Here’s the story: Woginrich graduates from college and works as a graphic designer, first in the mid-South, then in northern Idaho. Along the way, she decides to tread lighter on the world and be more self-reliant. That decision prompts her to rent a farmstead in Idaho, where she learns how to garden, bake bread, keep chickens, bees, and rabbits, sew, knit, and reuse and recycle whatever she can.  The book is an homage to doing daily tasks yourself.

Woginrich never hides her enthusiasm or her ignorance, and she addresses — sometimes eloquently — the consequences of her mistakes. An experiment in beekeeping, for example, ends in disaster for the bees twice — once when she forgets to unpack the queen bee, leaving her bees milling around aimlessly until they die and again when a hungry bear attacks and destroys her hive. Throughout her journey, Woginrich seeks advice from more experienced hobbyists, and along the way gains friends who give both Woginrich — and her readers — information on how to live more self-reliantly.

I have no experience with bees or chickens but I’ve gardened a lot, baked my share of bread, and know my way around a sewing machine. In each case, Woginrich gives solid advice for beginners and suggests ways to start learning these skills that will most likely result in success without an excessive outlay of cash.

Made from Scratch is a short book with a good resource section at the back. It came out in hardback in 2009 but Storey Books is publishing a paperback edition this spring. I was able to get an inexpensive copy at Monkey See/Monkey Read in downtown Northfield. If you’re looking for inspiration to learn some new skills, you won’t find a more accessible guide than Made from Scratch.

Bruschetta, a la Julie and Julia

IMG_6514If you had a chance to see the movie Julie and Julia, you know it’s full of images of fantastic food. But the scene that made me salivate was the one in which Julie Powell (played by former Chanhassen Dinner Theater actress Amy Adams) prepares bruschetta for her husband, and he devours it with messy gusto. With tomatoes finally coming in, it was time for some bruschetta.

I made the tomato topping first, dicing up three kinds of tomatoes and adding a couple of tablespoons each of chopped basil and parsley from the garden. To the veggies, I added a good shake of salt and pepper and two tablespoons of olive oil. This macerated in a bowl on the counter for 45 minutes or so. Then, I sauteed slices of Brick Oven baguettes in a combo of olive oil and a dab of butter (in deference to Julia Child) flavored slightly with garlic.  Normally, I would not fry the bread for bruschetta, but that’s the way the movie did it, so why not! At dinner, we piled the tomatoes on the bread. If you can set the bruschetta up a few minutes ahead of time to let the juices seep into the bread, it tastes even better.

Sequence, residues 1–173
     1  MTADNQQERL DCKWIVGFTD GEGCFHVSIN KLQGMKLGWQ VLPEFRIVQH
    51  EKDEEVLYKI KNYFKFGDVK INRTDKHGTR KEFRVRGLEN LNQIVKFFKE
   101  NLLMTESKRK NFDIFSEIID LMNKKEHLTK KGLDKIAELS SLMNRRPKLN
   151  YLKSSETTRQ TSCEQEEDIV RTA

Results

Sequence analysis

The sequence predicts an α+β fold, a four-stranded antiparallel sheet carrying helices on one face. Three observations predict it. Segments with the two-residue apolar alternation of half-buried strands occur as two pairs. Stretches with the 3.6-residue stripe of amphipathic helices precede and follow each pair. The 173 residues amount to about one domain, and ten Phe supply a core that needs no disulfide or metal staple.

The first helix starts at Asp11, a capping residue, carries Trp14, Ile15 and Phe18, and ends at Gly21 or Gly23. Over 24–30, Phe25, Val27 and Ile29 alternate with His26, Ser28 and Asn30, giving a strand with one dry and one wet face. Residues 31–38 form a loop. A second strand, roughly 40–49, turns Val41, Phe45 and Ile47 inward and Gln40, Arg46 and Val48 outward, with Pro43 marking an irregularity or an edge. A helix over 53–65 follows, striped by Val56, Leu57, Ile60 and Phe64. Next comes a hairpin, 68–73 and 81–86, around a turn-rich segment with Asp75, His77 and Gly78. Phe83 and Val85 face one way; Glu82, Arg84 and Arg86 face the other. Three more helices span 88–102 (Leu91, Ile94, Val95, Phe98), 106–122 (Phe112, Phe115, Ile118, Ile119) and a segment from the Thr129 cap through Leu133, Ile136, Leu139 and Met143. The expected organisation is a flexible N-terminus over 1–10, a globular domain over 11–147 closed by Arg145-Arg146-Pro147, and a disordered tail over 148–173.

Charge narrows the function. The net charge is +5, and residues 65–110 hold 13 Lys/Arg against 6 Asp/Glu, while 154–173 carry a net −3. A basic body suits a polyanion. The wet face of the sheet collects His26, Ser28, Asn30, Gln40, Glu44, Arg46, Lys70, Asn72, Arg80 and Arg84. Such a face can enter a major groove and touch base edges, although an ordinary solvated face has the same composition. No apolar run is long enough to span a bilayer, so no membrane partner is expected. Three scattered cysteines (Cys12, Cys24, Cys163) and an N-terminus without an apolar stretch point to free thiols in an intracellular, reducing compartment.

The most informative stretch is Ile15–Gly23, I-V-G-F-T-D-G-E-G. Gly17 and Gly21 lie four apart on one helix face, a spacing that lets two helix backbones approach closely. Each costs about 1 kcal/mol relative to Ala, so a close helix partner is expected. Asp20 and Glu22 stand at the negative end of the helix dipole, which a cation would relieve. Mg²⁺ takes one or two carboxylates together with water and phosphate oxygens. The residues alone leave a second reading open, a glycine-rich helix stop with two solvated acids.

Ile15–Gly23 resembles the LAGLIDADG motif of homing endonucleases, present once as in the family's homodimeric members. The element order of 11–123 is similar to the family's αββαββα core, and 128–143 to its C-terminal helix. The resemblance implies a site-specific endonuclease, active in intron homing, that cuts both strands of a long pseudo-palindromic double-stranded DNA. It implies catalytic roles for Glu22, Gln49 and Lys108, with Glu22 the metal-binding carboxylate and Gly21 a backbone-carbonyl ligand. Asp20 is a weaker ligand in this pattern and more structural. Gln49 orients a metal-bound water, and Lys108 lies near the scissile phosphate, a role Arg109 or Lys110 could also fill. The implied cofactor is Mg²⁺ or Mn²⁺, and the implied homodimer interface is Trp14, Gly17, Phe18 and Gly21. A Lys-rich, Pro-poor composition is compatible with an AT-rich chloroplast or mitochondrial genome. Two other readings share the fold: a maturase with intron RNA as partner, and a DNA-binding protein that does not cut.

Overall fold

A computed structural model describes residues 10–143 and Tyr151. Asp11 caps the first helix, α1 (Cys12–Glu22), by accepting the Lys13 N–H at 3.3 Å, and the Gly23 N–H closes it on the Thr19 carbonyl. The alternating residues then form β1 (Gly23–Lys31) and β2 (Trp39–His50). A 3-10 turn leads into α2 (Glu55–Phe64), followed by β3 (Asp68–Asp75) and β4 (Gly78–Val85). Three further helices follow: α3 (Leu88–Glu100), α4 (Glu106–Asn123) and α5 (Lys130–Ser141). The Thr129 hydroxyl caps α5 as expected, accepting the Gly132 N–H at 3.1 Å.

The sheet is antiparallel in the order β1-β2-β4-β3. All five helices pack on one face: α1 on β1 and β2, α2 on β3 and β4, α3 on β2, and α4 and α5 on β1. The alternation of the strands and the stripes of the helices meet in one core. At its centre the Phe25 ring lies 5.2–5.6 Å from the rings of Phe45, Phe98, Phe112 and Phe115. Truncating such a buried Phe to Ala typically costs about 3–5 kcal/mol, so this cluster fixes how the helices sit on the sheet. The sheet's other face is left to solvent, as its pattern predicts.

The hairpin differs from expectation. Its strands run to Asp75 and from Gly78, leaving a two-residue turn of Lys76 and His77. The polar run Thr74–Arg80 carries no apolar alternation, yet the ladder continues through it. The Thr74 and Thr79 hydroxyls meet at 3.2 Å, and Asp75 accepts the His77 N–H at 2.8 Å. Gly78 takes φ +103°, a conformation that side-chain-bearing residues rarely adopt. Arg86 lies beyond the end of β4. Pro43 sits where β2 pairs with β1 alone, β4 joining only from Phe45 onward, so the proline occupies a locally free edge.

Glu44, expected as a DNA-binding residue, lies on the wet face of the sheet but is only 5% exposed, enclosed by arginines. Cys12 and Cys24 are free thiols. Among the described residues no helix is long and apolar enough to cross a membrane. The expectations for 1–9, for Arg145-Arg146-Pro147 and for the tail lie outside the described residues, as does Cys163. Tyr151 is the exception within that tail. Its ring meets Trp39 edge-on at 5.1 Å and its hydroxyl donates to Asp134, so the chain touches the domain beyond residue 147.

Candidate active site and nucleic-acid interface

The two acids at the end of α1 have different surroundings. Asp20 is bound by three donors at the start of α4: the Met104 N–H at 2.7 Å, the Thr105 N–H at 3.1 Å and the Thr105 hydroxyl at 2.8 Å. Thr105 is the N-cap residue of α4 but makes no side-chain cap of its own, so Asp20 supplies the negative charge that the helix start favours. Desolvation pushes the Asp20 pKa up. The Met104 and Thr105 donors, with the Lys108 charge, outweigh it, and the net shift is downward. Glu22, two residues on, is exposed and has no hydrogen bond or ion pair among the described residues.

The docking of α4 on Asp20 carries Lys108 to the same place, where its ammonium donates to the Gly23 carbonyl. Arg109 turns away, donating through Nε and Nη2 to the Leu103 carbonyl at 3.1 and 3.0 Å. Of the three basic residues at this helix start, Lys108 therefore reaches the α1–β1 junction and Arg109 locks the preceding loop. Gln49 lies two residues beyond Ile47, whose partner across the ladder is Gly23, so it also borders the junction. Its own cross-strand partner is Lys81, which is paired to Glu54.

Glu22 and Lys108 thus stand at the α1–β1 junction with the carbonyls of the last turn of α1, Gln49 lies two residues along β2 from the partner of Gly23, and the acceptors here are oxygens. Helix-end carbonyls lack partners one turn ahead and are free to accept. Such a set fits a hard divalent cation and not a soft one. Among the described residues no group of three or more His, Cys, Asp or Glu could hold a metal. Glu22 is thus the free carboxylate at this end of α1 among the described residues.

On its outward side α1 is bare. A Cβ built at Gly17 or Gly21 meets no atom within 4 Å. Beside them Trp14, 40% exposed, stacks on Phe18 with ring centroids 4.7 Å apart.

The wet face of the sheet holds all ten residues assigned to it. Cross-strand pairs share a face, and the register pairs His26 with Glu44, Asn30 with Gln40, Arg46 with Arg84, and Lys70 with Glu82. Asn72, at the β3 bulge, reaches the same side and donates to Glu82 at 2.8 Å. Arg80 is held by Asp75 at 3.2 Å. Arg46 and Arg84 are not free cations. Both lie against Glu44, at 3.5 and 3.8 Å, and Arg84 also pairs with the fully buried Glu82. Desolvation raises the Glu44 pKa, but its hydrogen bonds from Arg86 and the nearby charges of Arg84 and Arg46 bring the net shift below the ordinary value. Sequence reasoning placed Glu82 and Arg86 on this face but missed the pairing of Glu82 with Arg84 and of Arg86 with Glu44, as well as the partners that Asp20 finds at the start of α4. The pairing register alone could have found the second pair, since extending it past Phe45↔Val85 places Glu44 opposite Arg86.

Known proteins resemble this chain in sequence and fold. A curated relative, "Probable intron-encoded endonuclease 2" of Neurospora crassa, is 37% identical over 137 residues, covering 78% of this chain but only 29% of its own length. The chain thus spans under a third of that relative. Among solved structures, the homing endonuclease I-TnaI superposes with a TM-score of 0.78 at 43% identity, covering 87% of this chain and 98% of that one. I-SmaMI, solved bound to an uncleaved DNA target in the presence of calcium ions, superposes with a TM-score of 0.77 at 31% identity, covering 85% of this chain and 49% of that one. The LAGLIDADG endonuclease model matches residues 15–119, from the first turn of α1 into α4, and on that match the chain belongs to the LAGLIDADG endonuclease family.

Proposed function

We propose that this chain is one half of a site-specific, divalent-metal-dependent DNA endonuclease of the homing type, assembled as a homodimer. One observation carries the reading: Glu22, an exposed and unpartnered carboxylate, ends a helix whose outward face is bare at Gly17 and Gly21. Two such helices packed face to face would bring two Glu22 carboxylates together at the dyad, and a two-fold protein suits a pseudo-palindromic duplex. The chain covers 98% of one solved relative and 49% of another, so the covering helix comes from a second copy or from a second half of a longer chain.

I don’t usually review books or movies here, but Julie and Julia is a hoot. It’s based on two books, Powell’s book of the same title, which is entertaining in the way some memoirs are — you are glad to be reading about this person and not living with her — and Julia Child’s My Life in France, which is a heartfelt tribute to France and especially to Child’s husband, Paul.

Best Books for Beginning Vegetable Gardeners

Last week, a newbie vegetable gardener e-mailed me for some information about the Vegetable Gardening 101 class I took at Just Food Co-op a few weeks ago. She was looking for a similar class in the Twin Cities and also asked if I had a reading list for new vegetable gardeners. I don’t, but it sounds like a great idea — so here goes.

I haven’t done any kind of comprehensive review of vegetable gardening books, but if I were just starting here are a two types of book that might be worth buying or taking out from the library.

Your Basic Guide

Beginners have basic questions and need a guide book that is like a friendly, knowledgeable neighbor.

mwkg_med-1A few months ago, I came across the Moosewood Restaurant Kitchen Garden, revised edition (10 Speed Press, 2005, $19.95) and have been really impressed by it. In addition to listing the vegetables you might want to grow, when to start them, how to maintain them, and how and when to harvest them, author David Hirsch offers recipes and a dandy 30-page section in the back with basic information on placing your garden, soil, compost, mulching, and other techniques gardeners need. The book has enough information about everything but not so much you are overwhelmed.

Other good overview books would include The New Victory Garden, a sort of 1980s vegetable classic; Square Foot Gardening, by Mel Bartholomew (great for small-space gardeners), or if you are interested in a specific type of garden, any of Rosalind Creasy’s books. (Be warned, though, she lives in California and doesn’t exactly get the concept of dead winter for six months.) I’d avoid books that are just too complete, such as Barbara Damrosch’s The Garden Primer, unless you plan to use it strictly as an encyclopedia.

A When-to-Do-What Book